Sunday evening at Malabar Hill

This Sunday, I decided to tour the scenic Malabar Hill along with my friend. Located ahead of Chowpatty and Walkeshwar, Malabar Hill affords an excellent bird’s eye view of the Marine Drive coastline. My itinerary included three main attractions – Kamala Nehru Park, Hanging Garden and Banganga Tank. I’d been to Hanging Gardens as a child (who hasn’t?) but I was eager to see the gigantic shoe from the Mother Goose nursery rhyme again. I’d also earmarked two cafes for our food and drinks – Cafe New York and Cafe Ideal, both near Wilson College.
We embarked on our day-long picnic from CST a.k.a. VT station. At the depot outside the station, we hopped on to bus number 108 (fairly frequent) which courses along Marine Drive to end its journey at the Kamala Nehru Park stop. The tickets cost us 18 rupees each. Alas, hunger pangs struck mid-way and we decided to alight at Chowpatty stop, which is right next to the beach. Bang opposite the stop stood Cafe Ideal. Next to it was a fancy-looking restaurant called New Yorker which had us fooled initially. But one look at the alcohol-less menu told us that it wasn’t the Cafe New York we were looking for!
If you enjoy wine, then you’ll love the fact that at Cafe Ideal, you can get a 90 ml glass of Samara red for 130 rupees. That’s right. It beats even the 250 per glass offering at Ballard Estate’s Cafe Universal. I’d found my new wine joint all right. After a couple glasses of that heady stuff, we headed to Sukh Sagar snacks on the opposite side of the street for a plate of sumptuous pav bhaji – a bit pricey at 90 per plate but well worth the amount in terms of taste, quantity and hygiene.
After that, it was time to board bus number 108 again for our intended destination – Malabar Hill. A short ride later, we disembarked at Kamala Nehru Park stop. Here we were confronted by the Phirozeshah Mehta Garden. Momentary confusion ensued. Was this Hanging Garden or Kamala Nehru Park or a different park altogether? Turned out that our first guess was right. This was a beautiful, green garden with many fllowers in different colours and shapes such as this charming specimen:
After having our fill of the idyllic and beautifully landscaped Hanging Gardens (so called because it overlooks the rest of Malabar Hill), we fortified ourselves with some ice-cream and proceeded to the Kamala Nehru Park or Shoe Park. Luckily, the weather was cool and breezy thanks to the clouds that had descended upon the summer sky. At Kamala Nehru Park, most of the crowd made a beeline for the famed shoe:
Although the sign board clearly said that only children under twelve could climb the shoe, we saw adults of all ages cramming in. Try as we might, we couldn’t get a picture with an undisturbed view of this shoe-shaped house. But here are some of our attempts:
 
The other attraction of this park is the marvellous view of Marine Drive, snaking along Chowpatty beach and framed by gulmohar trees and a few white buildings.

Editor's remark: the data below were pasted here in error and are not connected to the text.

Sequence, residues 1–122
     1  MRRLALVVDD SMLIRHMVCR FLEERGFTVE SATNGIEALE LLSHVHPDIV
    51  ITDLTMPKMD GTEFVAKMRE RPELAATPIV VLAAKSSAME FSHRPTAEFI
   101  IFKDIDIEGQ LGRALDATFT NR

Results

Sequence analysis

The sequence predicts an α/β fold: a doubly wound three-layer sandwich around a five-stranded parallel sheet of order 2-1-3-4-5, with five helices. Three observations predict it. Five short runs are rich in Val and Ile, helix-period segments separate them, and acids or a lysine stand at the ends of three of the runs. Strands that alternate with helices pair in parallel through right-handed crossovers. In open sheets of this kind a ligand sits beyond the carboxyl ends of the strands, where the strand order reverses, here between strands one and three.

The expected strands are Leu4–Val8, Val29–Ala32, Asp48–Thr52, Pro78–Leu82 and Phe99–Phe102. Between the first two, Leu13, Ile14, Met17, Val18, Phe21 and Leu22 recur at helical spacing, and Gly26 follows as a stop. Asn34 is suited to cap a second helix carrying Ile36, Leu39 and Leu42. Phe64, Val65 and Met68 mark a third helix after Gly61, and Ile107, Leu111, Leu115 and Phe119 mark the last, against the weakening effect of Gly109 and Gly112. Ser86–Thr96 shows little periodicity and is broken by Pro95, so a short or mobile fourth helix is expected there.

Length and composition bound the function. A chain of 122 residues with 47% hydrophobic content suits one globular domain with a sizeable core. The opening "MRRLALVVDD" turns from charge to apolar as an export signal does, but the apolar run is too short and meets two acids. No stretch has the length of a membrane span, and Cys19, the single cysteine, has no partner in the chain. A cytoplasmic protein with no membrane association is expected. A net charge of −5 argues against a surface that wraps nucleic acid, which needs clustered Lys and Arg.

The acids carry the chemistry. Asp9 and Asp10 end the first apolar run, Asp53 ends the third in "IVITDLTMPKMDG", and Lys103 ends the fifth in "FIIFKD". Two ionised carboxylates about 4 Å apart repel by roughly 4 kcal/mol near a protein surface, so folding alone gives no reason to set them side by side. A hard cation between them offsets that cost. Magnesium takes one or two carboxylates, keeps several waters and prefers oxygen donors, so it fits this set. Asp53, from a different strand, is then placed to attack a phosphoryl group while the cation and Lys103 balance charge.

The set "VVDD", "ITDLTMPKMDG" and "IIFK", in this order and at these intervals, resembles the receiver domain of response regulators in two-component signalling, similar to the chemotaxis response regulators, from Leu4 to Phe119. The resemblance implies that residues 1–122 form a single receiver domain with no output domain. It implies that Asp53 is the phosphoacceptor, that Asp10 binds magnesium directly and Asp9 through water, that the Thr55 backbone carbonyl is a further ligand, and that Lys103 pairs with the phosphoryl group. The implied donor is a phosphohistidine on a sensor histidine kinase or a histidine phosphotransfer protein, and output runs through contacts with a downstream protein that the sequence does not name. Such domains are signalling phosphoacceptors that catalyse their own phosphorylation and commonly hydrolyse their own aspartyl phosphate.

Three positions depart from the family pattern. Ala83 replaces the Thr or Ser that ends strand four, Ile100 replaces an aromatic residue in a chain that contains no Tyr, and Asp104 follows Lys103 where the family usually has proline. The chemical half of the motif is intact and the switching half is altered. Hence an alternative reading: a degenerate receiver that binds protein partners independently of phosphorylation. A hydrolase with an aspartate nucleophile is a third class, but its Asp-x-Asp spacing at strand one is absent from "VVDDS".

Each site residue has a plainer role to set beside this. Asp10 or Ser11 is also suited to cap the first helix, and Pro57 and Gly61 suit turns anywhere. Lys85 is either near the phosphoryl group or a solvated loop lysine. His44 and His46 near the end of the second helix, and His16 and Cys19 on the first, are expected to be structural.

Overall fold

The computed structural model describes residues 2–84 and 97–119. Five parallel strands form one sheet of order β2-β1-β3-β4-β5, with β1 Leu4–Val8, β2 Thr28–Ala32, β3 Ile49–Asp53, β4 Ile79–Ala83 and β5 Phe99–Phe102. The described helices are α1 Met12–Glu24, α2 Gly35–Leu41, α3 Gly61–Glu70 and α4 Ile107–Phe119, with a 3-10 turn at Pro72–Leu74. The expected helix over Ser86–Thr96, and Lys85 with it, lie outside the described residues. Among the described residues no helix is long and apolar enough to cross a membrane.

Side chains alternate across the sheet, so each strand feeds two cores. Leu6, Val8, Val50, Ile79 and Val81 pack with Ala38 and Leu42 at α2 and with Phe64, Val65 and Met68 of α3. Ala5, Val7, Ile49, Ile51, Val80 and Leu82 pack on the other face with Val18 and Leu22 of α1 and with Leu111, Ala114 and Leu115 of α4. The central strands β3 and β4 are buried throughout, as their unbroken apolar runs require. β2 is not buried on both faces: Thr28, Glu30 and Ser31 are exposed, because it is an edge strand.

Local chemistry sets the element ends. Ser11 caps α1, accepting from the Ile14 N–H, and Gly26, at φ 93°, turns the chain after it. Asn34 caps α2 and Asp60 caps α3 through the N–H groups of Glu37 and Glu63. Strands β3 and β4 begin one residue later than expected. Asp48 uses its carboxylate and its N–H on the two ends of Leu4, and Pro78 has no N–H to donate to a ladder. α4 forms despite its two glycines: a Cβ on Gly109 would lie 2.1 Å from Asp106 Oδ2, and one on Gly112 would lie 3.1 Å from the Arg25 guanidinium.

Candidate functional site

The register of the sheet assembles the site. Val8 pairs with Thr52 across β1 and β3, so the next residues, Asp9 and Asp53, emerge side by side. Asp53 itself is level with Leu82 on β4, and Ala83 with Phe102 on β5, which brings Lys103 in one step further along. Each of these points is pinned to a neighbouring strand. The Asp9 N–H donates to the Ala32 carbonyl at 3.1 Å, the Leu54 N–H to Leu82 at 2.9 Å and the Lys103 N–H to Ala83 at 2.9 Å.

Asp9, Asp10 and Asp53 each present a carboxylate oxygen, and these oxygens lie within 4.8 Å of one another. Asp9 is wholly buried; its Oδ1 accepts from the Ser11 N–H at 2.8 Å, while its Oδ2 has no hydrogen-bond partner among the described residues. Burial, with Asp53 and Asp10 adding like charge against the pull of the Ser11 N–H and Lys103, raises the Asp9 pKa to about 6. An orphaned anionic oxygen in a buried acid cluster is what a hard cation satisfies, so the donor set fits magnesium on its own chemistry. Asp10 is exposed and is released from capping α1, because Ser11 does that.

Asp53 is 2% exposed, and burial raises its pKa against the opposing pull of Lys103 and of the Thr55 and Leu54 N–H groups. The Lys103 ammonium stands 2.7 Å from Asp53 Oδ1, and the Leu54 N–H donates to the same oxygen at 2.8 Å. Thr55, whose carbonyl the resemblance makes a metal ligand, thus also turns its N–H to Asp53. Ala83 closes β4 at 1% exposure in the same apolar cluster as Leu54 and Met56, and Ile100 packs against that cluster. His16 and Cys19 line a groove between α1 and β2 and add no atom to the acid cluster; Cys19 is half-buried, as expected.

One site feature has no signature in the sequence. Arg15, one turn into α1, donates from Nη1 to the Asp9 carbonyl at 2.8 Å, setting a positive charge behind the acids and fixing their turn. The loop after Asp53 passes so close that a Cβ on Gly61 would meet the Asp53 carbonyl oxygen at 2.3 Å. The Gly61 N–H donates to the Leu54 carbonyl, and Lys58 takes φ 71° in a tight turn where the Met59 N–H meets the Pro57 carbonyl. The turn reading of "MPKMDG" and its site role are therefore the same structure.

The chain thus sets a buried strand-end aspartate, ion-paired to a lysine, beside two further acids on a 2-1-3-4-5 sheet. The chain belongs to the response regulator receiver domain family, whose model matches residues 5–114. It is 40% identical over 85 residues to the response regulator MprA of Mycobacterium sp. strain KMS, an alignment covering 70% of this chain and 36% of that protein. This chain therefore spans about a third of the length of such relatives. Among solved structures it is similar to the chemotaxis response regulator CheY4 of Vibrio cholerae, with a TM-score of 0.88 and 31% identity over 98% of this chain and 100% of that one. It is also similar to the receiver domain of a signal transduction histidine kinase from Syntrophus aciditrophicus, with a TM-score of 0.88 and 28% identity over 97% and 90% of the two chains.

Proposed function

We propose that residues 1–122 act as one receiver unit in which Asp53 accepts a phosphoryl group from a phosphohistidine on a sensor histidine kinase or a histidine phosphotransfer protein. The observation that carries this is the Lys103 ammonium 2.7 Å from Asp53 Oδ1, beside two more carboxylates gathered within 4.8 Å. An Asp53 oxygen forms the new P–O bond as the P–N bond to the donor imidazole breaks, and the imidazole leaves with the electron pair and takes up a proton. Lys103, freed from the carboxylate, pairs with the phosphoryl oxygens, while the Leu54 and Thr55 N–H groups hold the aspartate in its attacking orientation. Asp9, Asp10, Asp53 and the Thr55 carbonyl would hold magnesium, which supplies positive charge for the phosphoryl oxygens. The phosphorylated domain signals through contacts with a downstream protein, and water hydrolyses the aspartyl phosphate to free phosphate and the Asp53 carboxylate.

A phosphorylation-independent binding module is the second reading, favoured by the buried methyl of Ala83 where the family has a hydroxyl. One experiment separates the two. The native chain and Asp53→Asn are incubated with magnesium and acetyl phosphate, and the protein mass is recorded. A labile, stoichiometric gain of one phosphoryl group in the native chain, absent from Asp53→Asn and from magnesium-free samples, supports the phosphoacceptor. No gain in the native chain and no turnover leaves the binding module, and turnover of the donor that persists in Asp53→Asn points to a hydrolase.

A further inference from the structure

A little ahead, we were able to find another less-crowded spot which offered a similar view of Mumbai’s signature panorama.
By now, the effects of the wine had started to wear off and we felt energetic enough to walk down Malabar Hill and check out the lesser known Banganga Tank. It turned out to be a long walk indeed. If you plan to visit this ancient water tank located inside the labyrinthine Walkeshwar Temple Complex, take a bus till the bottom of the hill and then turn right. Keep going right once you’re inside the complex until you reach the flight of steps leading to the mossy tank. The lake is called baan (arrow) ganga (holy water) because according to local legend, it sprang forth when Lakshman shot an arrow into the ground to procure water for an exhausted Ram who was searching for his kidnapped wife Sita.
The first thing you’ll see (apart from the water) and hear is the flock of white and mottled grey ducks along its banks, quacking to each other and occasionally dipping into the water for a quick swim.
The next thing you’ll see is the bunch of local boys playing a merry game of afternoon cricket. My friend was quite appalled at their lack of bowling and batting skills but they didn’t seem too keen on instruction! I managed to capture this boy while he ran back with the ball which had fallen into the tank:

Finally, one of the ducks (all of which were lounging at the top of the staircase) made its way to the banks of the tank. We hoped that he/she might decide to go for a swim but in vain. It seemed that the boys were also waiting for it to do the same because one of them mischievously nudged it into the water. Plop! The duck fell in, but almost instantly regained its poise, shook the water off its feathers and swam gracefully into the middle of the tank. My friend caught the whole incident on video, which I’m thinking of uploading on Youtube!

By the time we exited Walkeshwar Temple Complex, we were utterly exhausted and in need of some reinforcements. We got into the first bus we saw (most of them pass by Wilson College) and alit at the Wilson College stop. A little ahead of the college is a gem of a restaurant called Cafe New York. If you’re a sports fan, you can catch the latest cricket match on their TV screen. And if you’re not, you can be regaled by the techno/electronic music they play. We gorged on burgers (80-120) and beer (220 for a bottle of strong beer, 430 for a pitcher of 5 glasses). By then, the sun had begun to set. We dipped our toes into the water at Chowpatty beach (be warned, it’s very dirty) and made a hasty retreat when plastic bags and whatnot wrapped themselves around our feet. After a leisurely stroll along the coastline that is Mumbai’s pride, we made our way back home.

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